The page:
English edit

Pronunciation edit

  • IPA(key): /ˈsɪtɪŋ/
  • (file)
  • Rhymes: -ɪtɪŋ
  • Hyphenation: sit‧ting

Etymology 1 edit

From Middle English sittyng, sittynge, equivalent to sit +‎ -ing. Cognate with Dutch zitting (a sitting, session), German Sitzung (a sitting, session), Swedish sittning (a sitting, session).

Noun edit

sitting (plural sittings)

  1. A period during which one is seated for a specific purpose.
    Due to the sheer volume of guests, we had to have two sittings for the meal.
    The Queen had three sittings for her portrait.
  2. A seance or other session with a medium or fortuneteller.
    • 1925 July – 1926 May, A[rthur] Conan Doyle, “(please specify the chapter number)”, in The Land of Mist (eBook no. 0601351h.html), Australia: Project Gutenberg Australia, published April 2019:
      "It's not always easy to get him, and of course a small fee, a guinea I think, is usual, but if you wanted a sitting I could work it." "You think him genuine?" Atkinson shrugged his shoulders.
  3. A special seat allotted to a seat-holder, at church, etc.
  4. The part of the year in which judicial business is transacted.
  5. A legislative session (in the sense of "meeting", not "period").
  6. The incubation of eggs by a bird.
  7. A clutch of eggs laid by a brooding bird.
    we have thirty-four chicks from eight sittings of eggs
  8. Uninterrupted application to anything for a time; the period during which one continues at anything.
Derived terms edit
Translations edit

Etymology 2 edit

From Middle English sittinge, sittynge, variant of sittinde, sittende, sittande, from Old English sittende (sitting), from Proto-Germanic *sitjandz (sitting), present participle of Proto-Germanic *sitjaną (to sit), equivalent to sit +‎ -ing. Cognate with West Frisian sittend (sitting), Dutch zittend (sitting), German sitzend (sitting), Swedish sittande (sitting), Icelandic sitjandi (sitting).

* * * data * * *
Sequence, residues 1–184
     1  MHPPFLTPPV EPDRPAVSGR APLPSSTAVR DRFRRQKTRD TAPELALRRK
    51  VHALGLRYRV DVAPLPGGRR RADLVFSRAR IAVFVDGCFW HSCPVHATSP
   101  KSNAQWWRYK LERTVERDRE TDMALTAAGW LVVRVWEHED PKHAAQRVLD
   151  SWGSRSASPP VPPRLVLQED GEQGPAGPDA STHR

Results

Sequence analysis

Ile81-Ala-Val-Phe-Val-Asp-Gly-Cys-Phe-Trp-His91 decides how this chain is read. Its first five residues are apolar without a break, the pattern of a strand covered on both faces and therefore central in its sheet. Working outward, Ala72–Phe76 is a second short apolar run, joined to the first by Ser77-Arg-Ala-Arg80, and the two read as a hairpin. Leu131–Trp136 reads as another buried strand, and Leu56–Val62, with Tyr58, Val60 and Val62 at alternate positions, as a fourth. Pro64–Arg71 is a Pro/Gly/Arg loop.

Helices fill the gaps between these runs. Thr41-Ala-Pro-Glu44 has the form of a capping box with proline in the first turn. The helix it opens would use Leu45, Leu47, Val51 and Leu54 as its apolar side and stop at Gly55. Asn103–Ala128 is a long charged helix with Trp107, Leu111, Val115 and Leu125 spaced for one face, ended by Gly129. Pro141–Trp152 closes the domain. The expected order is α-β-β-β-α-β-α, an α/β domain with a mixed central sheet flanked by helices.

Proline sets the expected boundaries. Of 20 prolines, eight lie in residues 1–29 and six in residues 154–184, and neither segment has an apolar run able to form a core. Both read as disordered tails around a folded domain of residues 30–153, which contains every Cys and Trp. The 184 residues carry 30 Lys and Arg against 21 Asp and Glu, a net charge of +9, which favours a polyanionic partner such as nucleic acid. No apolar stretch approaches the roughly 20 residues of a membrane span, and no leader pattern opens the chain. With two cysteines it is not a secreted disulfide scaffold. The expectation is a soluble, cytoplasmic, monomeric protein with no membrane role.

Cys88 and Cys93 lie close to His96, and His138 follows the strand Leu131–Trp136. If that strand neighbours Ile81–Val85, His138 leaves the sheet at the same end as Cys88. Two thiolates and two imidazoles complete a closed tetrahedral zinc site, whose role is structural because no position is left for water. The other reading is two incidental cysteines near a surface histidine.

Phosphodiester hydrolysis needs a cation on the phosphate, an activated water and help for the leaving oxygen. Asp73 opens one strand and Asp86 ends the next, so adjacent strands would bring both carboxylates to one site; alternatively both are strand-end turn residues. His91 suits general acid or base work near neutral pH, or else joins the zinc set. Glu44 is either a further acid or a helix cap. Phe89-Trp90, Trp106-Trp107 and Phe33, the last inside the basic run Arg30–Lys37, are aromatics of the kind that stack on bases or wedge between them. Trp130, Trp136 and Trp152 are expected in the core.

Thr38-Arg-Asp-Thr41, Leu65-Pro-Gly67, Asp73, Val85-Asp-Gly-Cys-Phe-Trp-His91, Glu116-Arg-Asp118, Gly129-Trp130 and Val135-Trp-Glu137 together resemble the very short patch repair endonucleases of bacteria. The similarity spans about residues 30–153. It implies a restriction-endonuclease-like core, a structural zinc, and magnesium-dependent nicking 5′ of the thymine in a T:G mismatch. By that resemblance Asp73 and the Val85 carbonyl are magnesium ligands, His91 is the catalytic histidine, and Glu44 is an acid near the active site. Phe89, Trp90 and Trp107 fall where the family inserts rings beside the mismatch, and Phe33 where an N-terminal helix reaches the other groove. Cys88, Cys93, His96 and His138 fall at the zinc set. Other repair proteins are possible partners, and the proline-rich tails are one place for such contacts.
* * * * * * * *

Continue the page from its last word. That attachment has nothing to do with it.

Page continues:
Verb edit


  1. present participle and gerund of sit
Derived terms edit

Adjective edit

sitting (not comparable)

  1. Executed from a sitting position.
  2. Occupying a specific official or legal position; incumbent.
    • 2013 June 22, “Engineers of a different kind”, in The Economist[1], volume 407, number 8841, page 70:
      Private-equity nabobs bristle at being dubbed mere financiers. [] Much of their pleading is public-relations bluster. Clever financial ploys are what have made billionaires of the industry’s veterans. “Operational improvement” in a portfolio company has often meant little more than promising colossal bonuses to sitting chief executives if they meet ambitious growth targets. That model is still prevalent today.
    • 2022 April 8, John Lichfield, “Get ready for a scary fortnight in French politics: a Le Pen presidency really is possible”, in The Guardian[2]:
      It is an iron rule of French politics that sitting presidents are detested.
Derived terms edit

References edit

  • sitting”, in OneLook Dictionary Search.

Anagrams edit

Norwegian Nynorsk edit

Alternative forms edit

Noun edit

sitting f (definite singular sittinga, indefinite plural sittingar, definite plural sittingane)

  1. the act of sitting

References edit